In vitro fertilization becomes popular in Asia as women delay having children

In vitro fertilization is a fast-growing industry in Asia as women hold off on giving birth, leading to low fertility rates that could have a large impact on economic growth in countries such as Japan.

Pichi Chuang/Reuters
Taiwan had the world's lowest fertility rate in 2011, according to the Ministry of the Interior. Other Asian countries such as Japan and South Korea are experiencing the same problem. Here, nurses care for babies in a postpartum center in Taipei.

A looming crisis in Asia as women delay giving birth, leading to low fertility rates that have dire implications for economic growth, is opening huge opportunities for the fast-growing in-vitro fertilization (IVF) industry.

The successful debut of Australia's Virtus Health Ltd, which this week became the first IVF specialist to list on a stock exchange, is the latest sign that investors are eager to back fertility companies that have plans to expand into Asia's vast developing markets.

"The market is going to grow massively, there's no doubt, particularly in India and China we've seen huge growth," said Robert Norman, fertility expert and president of Aspire, an Asia-Pacific industry lobby group.

Several countries such as Singapore, Japan, and South Korea have fertility rates of less than 1.5 births per woman, a level experts consider very low. In contrast, the United States has a fertility rate of around 2.01 and Australia 1.9.

Governments in the region's more affluent countries are becoming concerned about the "low fertility trap", where fewer children leads to reduced spending on education and accompanying services, making it even more difficult to boost birth rates.

In the short term, very low fertility increases GDP per capita because households benefit from lower parenting costs. But in the longer term the size of the labour force falls as the population ages – a situation already in evidence in Japan.

To avoid the trap, some countries have introduced financial support for infertility treatment, including South Korea, which has a fertility rate of 1.4 according to World Health Organization (WHO) figures. Singapore, which has a fertility rate of 1.29, increased its subsidies from January, covering up to 75 percent of the treatment costs for couples receiving IVF.

Developing economies such as Vietnam, Cambodia and the Philippines have higher fertility rates, but are still keen to boost births to counter aging populations.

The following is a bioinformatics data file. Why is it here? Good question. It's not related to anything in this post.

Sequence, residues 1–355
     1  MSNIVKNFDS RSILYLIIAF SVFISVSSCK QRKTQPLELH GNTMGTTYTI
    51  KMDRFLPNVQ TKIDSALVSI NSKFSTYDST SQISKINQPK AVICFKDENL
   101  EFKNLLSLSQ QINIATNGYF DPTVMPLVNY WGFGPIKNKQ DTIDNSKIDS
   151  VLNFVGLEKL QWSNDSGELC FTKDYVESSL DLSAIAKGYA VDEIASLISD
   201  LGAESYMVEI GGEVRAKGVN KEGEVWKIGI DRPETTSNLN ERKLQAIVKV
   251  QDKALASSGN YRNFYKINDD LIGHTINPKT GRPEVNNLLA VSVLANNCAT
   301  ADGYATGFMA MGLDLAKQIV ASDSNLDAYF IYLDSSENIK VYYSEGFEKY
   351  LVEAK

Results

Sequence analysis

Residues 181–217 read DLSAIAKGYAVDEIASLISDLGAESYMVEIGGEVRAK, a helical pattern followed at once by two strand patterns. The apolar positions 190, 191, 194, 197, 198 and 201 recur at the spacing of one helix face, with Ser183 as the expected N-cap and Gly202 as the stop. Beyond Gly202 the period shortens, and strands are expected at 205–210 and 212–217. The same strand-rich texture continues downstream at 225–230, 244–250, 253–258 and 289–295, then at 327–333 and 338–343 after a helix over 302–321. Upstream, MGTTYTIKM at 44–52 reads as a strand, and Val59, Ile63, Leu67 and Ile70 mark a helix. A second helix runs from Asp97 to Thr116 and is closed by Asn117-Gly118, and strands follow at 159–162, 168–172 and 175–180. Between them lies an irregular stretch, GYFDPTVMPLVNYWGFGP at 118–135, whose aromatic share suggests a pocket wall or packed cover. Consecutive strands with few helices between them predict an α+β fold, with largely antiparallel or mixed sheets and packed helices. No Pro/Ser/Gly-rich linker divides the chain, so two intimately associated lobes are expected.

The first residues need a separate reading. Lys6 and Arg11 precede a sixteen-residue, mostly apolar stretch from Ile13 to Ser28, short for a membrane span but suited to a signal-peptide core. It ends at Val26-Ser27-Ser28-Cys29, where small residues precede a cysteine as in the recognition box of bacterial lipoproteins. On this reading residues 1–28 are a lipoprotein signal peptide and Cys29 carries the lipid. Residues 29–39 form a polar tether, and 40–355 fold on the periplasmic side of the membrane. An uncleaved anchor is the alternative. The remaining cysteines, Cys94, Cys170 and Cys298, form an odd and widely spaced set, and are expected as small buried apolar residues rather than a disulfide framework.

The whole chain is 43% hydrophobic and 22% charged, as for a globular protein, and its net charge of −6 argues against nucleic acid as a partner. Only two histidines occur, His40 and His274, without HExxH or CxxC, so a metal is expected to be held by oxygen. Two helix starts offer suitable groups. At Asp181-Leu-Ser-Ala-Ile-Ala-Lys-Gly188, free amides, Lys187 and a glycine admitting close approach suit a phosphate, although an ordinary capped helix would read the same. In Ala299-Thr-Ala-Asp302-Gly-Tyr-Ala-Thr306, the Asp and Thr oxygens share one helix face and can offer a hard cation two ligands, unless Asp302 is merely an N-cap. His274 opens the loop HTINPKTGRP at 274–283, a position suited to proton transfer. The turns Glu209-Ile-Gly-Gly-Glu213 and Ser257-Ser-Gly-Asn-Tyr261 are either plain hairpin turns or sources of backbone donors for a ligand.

Regional giant China, with its increasing affluence and urbanization, is another IVF growth market because the technology is "not that widespread", said Gary Ng, a Singapore-based analyst at CIMB Research.

Indonesia, with a fertility rate of 2.1 but an aging population of about 240 million people, was "virtually untapped" from an IVF-provider's perspective, said Norman of Aspire.

India is currently dominated by Fortis Bloom Fertility and IVF Center, part of the country's No.2 hospital chain Fortis Healthcare Ltd, and a joint venture with Spain's IVI Max Reproductive Medicine and part of healthcare group Max India Ltd.

The South Asian nation has one of the highest fertility rates in Asia, at 2.2, but it also has liberal laws on commercial surrogacy which make it an attractive destination for IVF services.

All of these factors are opening doors for companies like Virtus, whose home market in Australia is nearing maturity as IVF cycles drop due to improving technology and government funding for private services is reduced.

"(Asia) is certainly a market that is highly fragmented and fairly immature," Virtus Chief Executive Sue Channon said. "So we would look to be able to take some of the consolidation and corporatization that has occurred in Australia into some of those countries."

Channon said Virtus would look at acquisitions, joint ventures and technology transfer possibilities in Asia, likely through cash and equity deals.

Virtus's Australian competitor, privately held Genea, has opened a joint-venture clinic in Bangkok which specializes in screening for genetic diseases particular to Asia.

"This is how Australian know-how works well in the Asian market," said Genea Medical Director Mark Bowman. "You can't just walk in and take over."

Genea's Thai venture was the result of decades-long association with local doctors, pointing to some of the challenges facing companies like Virtus as they eye regional opportunities for the first time.

Cultural barriers will also have to be overcome in countries like India and Indonesia, where couples may be reluctant to talk to outsiders about reproduction issues.

Some industry insiders are skeptical of Virtus's strong growth outlook due to the lack of public reporting about the IVF industry's profitability.

In Singapore, one of the most specialized providers of IVF services, Thomson Medical Center, was taken private by Singapore billionaire Peter Lim in 2011. Raffles Medical Group Ltd and IHH Healthcare Bhd include some IVF services among a wider range of treatments, making it difficult to pin down exactly how they have performed commercially.

Virtus shares began trading at A$6.01 ($5.68) on Tuesday, well above the A$5.68 offer price for the float by Sydney-based Quadrant Private Equity, giving the company a market value of around A$485 million.

With no benchmark for the listing, analysts said they had only been briefed by the Australian company once and were reliant on the prospectus rather than more extensive knowledge of the industry.

The company posted a net profit of A$24.7 million in 2012, and is forecasting profit of A$26.6 million this year and A$31.4 million next year.

"That looks positive on the Australian growth curve alone," one industry source said, requesting anonymity. ($1 = 1.0637 Australian dollars)

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